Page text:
It seems that, along with the more predictable misbehavior, defiance, namecalling, insults, and all-around crappy attitude the Boy had managed to somehow attack and "tried to choke" his baby sister.The lad's explanation - which he delivered in the patient, ever-so-slightly-bored but exquisitely rational tones of a Republican congressman explaining to you why it is far the better that your grandmother learns to survive on Whiskas than that his multimillionaire constituent foregoes his windsurfing vacation to Dubai - was that the tiny preschooler "said mean words to him". Mean words, apparently, being her comments about her daycare class going bowling that day and her having had a kegling experience denied to him. Which, as any fool could tell, required that he grab her about the neck.

It was insanely difficult, listening to his offhand recitation of his attack (however abortive, however brief), not to go utterly, Drill Sergeantly, berserk. To unleash the sort of fearsome rage that once reduced quivering 98-pound trainees to...umm...more fiercely quivering 98-pound trainees.

Especially when he explained that he liked bowling more than he loved his sister.

But I have promised that I would not be the "Mad Dad". Instead, we had a very adult, very direct conversation. He produced, as requested, three options to control his temper before it led him to attack his mother or sister again. He mouthed the "right" words. He fidgeted and wriggled, making clear his discomfort with his shaming.

I did fix him with a very modified version of the noncommissioned stinkeye which produced a gratifyingly immediate quiver when I insisted he apologize to his sister and inquire as to her welfare. His mother stood in the doorway, and I could hear the tremor in his voice between Missy's piping replies.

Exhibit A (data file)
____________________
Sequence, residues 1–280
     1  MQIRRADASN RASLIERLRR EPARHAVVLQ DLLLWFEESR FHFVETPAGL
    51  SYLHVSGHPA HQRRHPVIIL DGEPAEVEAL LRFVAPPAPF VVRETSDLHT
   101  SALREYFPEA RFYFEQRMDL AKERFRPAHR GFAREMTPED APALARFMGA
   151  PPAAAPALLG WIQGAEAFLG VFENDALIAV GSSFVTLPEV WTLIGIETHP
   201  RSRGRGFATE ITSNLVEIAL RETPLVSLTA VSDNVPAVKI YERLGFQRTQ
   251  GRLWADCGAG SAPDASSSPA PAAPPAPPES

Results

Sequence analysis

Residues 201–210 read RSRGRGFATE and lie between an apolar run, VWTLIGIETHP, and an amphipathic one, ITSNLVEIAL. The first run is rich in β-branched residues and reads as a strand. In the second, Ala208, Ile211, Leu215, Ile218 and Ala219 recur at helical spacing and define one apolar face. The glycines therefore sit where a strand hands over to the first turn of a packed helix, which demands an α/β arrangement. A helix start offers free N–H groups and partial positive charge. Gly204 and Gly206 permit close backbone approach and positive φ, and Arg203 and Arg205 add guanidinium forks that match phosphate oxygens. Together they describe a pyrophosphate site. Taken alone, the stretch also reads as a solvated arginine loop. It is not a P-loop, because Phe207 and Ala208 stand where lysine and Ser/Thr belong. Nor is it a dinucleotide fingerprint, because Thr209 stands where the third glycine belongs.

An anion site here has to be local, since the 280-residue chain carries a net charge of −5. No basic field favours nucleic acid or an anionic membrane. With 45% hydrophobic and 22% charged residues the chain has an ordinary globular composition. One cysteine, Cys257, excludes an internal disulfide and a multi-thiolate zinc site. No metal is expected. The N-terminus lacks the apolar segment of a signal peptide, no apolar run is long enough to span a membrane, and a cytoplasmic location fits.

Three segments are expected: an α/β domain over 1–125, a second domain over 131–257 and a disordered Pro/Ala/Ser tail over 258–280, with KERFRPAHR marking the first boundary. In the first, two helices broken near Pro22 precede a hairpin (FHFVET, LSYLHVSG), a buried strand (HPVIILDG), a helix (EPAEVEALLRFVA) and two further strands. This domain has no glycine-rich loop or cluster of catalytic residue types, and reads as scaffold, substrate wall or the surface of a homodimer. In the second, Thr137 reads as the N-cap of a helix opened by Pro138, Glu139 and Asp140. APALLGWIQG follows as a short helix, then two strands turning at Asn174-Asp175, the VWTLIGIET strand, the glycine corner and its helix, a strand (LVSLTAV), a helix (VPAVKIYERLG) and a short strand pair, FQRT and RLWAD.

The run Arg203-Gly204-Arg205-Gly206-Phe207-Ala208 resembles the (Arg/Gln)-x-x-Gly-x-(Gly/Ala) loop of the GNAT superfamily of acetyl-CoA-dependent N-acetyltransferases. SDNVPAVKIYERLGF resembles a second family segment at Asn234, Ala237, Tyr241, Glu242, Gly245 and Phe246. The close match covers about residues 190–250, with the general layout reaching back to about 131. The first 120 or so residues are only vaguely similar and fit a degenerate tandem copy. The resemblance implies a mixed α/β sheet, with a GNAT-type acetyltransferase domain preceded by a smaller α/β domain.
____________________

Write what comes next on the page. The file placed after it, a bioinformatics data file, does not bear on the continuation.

I think he understands how seriously I feel about what he did. But his deepest regret - the only time he cried at all over the entire affair - was when his mom told him he would be denied his weekly overnight cuddle with her. He is more sorrowful, and more regretful, for his punishment than his little sister's peril.

I told my son, at one point in the proceedings, that you could love someone and yet not like them, or not like something that they did; this in relation to how he had attacked his sister for what she did - "teasing" him about the bowling. My point was, I added, that part of being a family was caring for, and about, your family, even when they were irritating you.

And restraining your natural instinct to choke the living shit out of them for so doing.

But I'm afraid that I do not like what my son has done, and am finding I do not like him much, either, at the moment, because of the obvious insincerity of his contrition and his unconcern for his sister.

I am finding it rather more then a little difficult to digest my own advice, as well.

At the moment.

The house is quiet now, with only the tapping keys and the faint, odd grinding noise from the television cabinet to my right front that tells me my bride has, again, turned off the television but left the cable on. The children are asleep, each in their several beds, at peace for the moment.And outside the mirrored night-windows the stars are shadow-patterned with high clouds that foretell the coming of a cold wind from the sea, and the hopes of a softer, gentler day tomorrow.

Sunday, August 15, 2010

Swept Homeward

I must go down to the seas again, for the call of the running tide
Is a wild call and a clear call that may not be denied;
And all I ask is a windy day with the white clouds flying,